Pertussis maternal immunization: Narrowing the knowledge gaps on the duration of transferred protective immunity and on vaccination frequency

 

Autores
Gaillard, María Emilia; Bottero, Daniela; Zurita, Maria Eugenia; Carriquiriborde, Francisco Pablo; Martin Aispuro, Pablo; Bartel, Erika Belén; Sabater Martínez, David; Bravo, María Sol; Castuma, Celina; Hozbor, Daniela Flavia
Tipo de recurso
artículo
Estado
Versión publicada
Año de publicación
2017
País
Argentina
Institución
Consejo Nacional de Investigaciones Científicas y Técnicas
Repositorio
CONICET Digital (CONICET)
Descripción
Maternal safety through pertussis vaccination and subsequent maternal-fetal-antibody transfer are well documented, but information on infant protection from pertussis by such antibodies and by subsequent vaccinations is scarce. Since mice are used extensively for maternal-vaccination studies, we adopted that model to narrow those gaps in our understanding of maternal pertussis immunization. Accordingly, we vaccinated female mice with commercial acellular pertussis (aP) vaccine and measured offspring protection against Bordetella pertussis challenge and specific-antibody levels with or without revaccination. Maternal immunization protected the offspring against pertussis, with that immune protection transferred to the offspring lasting for several weeks, as evidenced by a reduction (4-5 logs, p < 0.001) in the colony-forming-units recovered from the lungs of 16-week-old offspring. Moreover, maternal-vaccination-acquired immunity from the first pregnancy still conferred protection to offspring up to the fourth pregnancy. Under the conditions of our experimental protocol, protection to offspring from the aP-induced immunity is transferred both transplacentally and through breastfeeding. Adoptive-transfer experiments demonstrated that transferred antibodies were more responsible for the protection detected in offspring than transferred whole spleen cells. In contrast to reported findings, the protection transferred was not lost after the vaccination of infant mice with the same or other vaccine preparations, and conversely, the immunity transferred from mothers did not interfere with the protection conferred by infant vaccination with the same or different vaccines. These results indicated that aP-vaccine immunization of pregnant female mice conferred protective immunity that is transferred both transplacentally and via offspring breastfeeding without compromising the protection boostered by subsequent infant vaccination. These results-though admittedly not necessarily immediately extrapolatable to humans-nevertheless enabled us to test hypotheses under controlled conditions through detailed sampling and data collection. These findings will hopefully refine hypotheses that can then be validated in subsequent human studies.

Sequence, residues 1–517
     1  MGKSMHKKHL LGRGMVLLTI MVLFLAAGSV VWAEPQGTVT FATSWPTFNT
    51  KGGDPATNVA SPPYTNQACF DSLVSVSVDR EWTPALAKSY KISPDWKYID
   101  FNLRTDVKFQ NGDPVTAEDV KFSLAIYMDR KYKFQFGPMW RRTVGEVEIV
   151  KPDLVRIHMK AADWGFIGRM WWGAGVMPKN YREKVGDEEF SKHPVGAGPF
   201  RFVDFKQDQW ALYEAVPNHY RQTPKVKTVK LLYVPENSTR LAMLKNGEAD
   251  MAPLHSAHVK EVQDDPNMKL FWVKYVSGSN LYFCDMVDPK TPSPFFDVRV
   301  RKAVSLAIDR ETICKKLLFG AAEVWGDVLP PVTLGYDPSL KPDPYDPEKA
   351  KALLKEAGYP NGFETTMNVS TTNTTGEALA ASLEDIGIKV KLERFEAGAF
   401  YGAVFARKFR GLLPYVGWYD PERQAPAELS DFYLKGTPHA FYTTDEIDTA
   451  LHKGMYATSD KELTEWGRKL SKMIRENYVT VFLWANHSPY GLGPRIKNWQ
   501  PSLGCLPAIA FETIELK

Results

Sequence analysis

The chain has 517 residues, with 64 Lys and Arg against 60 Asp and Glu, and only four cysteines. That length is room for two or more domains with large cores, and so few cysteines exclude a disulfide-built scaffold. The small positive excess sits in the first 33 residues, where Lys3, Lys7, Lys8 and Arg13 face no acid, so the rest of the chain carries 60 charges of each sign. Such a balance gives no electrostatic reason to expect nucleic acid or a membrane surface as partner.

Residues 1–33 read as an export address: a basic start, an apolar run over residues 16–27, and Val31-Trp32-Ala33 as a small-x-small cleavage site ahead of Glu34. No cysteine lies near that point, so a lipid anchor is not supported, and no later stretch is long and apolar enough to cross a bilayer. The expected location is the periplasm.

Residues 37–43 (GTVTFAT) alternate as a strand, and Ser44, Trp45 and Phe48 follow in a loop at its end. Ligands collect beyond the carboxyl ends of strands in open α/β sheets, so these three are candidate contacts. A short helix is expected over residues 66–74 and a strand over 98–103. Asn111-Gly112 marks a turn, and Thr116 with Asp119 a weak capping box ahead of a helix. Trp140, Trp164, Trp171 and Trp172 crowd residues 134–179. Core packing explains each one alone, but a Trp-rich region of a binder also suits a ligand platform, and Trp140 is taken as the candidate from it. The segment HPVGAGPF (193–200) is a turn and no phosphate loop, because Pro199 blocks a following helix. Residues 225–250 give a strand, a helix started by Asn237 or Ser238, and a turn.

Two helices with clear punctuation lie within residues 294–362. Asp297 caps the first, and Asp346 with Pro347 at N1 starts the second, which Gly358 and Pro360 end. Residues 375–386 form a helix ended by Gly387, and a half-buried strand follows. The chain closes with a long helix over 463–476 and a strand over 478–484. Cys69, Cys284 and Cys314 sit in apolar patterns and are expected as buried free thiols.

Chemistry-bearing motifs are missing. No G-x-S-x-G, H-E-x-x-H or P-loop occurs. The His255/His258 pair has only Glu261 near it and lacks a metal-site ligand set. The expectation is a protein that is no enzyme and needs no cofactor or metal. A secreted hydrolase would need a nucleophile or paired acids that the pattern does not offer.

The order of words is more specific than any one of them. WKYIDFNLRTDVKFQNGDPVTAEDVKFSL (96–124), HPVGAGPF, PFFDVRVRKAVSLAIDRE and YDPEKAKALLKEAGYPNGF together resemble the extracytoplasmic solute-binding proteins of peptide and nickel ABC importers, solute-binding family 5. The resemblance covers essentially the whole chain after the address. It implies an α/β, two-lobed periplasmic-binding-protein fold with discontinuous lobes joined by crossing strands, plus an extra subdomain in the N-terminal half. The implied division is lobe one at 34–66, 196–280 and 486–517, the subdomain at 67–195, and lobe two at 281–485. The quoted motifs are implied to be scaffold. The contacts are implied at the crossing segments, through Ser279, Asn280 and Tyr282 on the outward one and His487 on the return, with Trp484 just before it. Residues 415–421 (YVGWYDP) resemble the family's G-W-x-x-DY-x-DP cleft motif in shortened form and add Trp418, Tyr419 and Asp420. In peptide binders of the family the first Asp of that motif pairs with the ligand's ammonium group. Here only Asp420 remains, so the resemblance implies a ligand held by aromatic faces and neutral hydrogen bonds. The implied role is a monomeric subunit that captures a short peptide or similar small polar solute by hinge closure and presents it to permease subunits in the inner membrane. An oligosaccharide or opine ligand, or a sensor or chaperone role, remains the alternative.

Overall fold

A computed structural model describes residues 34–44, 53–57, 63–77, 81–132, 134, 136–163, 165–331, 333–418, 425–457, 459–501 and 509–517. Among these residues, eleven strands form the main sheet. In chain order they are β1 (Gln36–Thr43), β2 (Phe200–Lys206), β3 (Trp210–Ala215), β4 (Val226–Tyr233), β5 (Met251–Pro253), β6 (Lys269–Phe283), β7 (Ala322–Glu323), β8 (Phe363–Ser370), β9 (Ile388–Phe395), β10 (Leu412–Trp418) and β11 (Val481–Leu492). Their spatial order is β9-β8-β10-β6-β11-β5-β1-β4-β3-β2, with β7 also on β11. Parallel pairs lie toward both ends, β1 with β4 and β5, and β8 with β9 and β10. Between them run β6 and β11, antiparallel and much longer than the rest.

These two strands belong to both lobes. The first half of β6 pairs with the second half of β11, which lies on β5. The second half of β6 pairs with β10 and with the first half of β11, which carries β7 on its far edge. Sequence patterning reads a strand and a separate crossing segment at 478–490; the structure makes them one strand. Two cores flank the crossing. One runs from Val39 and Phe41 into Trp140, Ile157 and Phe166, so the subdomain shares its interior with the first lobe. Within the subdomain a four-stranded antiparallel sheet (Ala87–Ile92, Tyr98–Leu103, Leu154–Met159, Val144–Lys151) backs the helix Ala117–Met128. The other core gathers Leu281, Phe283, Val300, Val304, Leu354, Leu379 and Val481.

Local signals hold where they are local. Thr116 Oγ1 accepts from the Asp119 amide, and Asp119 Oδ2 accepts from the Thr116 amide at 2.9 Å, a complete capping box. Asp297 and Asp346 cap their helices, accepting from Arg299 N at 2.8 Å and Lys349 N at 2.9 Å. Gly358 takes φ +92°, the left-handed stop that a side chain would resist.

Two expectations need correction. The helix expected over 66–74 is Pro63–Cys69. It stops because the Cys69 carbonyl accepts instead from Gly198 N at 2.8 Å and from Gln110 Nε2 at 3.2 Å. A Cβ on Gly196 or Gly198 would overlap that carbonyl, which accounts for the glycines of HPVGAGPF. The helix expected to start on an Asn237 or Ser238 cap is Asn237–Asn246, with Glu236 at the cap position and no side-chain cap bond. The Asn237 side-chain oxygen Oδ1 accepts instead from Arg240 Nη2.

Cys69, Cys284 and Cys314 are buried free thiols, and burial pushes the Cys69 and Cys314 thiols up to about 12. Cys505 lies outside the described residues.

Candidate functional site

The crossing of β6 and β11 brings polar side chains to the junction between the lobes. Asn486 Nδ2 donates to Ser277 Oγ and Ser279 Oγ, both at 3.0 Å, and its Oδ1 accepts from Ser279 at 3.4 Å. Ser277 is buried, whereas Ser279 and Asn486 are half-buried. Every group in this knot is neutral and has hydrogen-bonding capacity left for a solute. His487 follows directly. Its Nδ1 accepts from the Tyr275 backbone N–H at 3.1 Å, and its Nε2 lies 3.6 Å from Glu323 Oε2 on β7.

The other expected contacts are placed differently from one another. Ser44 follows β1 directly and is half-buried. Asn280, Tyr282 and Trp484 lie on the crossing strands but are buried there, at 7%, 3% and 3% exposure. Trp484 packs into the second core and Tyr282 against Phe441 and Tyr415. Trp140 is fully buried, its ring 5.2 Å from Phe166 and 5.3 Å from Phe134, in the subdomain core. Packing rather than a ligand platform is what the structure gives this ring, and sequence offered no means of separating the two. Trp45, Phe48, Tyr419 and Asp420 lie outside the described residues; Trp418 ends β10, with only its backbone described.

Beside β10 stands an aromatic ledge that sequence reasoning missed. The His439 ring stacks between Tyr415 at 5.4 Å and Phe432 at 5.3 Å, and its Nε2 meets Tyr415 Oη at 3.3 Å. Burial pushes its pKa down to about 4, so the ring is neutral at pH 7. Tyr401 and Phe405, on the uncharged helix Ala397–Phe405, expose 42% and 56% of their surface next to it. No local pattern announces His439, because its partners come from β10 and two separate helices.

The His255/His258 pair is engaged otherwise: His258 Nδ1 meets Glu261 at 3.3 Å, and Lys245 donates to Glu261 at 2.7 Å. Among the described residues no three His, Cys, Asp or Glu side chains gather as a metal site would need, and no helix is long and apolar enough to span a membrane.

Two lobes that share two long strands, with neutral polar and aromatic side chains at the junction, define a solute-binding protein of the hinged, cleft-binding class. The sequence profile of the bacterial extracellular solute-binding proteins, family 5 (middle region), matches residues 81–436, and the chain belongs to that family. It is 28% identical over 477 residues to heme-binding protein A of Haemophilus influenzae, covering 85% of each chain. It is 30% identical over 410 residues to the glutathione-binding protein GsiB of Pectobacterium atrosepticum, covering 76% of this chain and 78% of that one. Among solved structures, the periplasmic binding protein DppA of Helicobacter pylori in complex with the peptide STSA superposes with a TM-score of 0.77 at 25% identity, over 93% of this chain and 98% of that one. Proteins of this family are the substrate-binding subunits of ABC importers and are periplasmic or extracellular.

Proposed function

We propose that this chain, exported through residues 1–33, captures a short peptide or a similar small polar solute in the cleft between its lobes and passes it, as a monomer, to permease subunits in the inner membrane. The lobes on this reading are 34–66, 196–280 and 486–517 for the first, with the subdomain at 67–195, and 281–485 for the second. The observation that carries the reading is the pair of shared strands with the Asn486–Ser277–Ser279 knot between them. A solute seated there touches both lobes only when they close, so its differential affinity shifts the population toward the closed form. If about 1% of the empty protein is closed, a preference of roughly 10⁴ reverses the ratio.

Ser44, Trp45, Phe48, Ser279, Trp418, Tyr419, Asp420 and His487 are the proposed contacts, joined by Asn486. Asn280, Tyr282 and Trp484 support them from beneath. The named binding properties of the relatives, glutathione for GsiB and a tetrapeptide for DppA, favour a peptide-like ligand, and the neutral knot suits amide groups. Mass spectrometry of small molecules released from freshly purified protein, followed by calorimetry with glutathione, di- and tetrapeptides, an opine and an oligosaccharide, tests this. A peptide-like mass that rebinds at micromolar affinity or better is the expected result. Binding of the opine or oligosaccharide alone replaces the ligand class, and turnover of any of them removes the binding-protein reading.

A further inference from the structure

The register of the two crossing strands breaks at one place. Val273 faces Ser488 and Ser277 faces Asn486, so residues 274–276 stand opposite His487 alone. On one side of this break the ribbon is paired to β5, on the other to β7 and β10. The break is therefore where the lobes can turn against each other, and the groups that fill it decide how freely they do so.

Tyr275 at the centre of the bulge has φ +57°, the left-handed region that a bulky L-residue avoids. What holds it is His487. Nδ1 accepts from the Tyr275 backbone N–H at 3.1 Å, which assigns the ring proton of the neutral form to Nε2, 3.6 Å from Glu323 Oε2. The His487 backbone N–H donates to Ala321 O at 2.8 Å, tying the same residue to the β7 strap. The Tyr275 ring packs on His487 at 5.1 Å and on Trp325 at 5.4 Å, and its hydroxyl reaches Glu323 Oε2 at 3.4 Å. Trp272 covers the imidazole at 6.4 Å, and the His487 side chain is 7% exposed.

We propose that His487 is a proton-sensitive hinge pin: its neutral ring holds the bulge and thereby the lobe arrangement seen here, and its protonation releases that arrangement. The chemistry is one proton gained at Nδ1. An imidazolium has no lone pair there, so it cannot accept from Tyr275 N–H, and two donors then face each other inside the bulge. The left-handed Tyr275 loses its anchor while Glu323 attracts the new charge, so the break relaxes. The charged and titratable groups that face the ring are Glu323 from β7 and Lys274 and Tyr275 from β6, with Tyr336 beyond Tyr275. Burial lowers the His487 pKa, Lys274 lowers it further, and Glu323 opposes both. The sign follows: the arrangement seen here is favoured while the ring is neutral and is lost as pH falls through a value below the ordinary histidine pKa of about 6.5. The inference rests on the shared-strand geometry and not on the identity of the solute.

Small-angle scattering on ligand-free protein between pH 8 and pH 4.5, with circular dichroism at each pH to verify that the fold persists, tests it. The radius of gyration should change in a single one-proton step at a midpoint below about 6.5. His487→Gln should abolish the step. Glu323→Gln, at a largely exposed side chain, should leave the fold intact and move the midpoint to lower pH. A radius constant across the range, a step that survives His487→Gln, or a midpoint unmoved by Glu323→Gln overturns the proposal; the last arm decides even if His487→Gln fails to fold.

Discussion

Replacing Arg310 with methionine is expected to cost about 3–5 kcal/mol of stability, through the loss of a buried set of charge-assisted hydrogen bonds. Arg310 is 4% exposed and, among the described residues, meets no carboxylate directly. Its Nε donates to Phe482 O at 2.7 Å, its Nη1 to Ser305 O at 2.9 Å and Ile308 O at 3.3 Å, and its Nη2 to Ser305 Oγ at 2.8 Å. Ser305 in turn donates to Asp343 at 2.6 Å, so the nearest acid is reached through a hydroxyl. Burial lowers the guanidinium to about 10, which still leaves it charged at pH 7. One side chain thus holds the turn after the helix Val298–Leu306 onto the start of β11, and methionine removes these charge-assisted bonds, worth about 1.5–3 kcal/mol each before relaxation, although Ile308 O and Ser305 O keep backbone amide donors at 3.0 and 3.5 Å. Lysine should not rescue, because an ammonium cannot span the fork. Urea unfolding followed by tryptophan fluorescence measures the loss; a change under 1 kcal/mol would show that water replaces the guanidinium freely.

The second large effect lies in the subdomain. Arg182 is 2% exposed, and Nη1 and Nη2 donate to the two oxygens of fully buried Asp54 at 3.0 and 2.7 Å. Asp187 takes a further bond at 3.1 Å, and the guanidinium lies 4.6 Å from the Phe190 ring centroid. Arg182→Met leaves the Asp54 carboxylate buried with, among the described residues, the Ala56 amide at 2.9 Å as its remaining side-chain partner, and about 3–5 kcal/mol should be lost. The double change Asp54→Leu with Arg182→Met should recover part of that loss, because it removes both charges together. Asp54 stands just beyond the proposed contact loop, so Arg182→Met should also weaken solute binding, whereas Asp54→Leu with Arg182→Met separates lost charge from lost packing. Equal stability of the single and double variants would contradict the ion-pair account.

Idioma
inglés
OAI Identifier
oai:ri.conicet.gov.ar:11336/53563
Enlace del recurso
http://hdl.handle.net/11336/53563
Nivel de acceso
Acceso abierto
Materia
ACELLULAR VACCINE
BORDETELLA PERTUSSIS
PERTUSSIS
PREGNANCY IMMUNIZATION
PROTECTION
Otras Ciencias Biológicas
Ciencias Biológicas
CIENCIAS NATURALES Y EXACTAS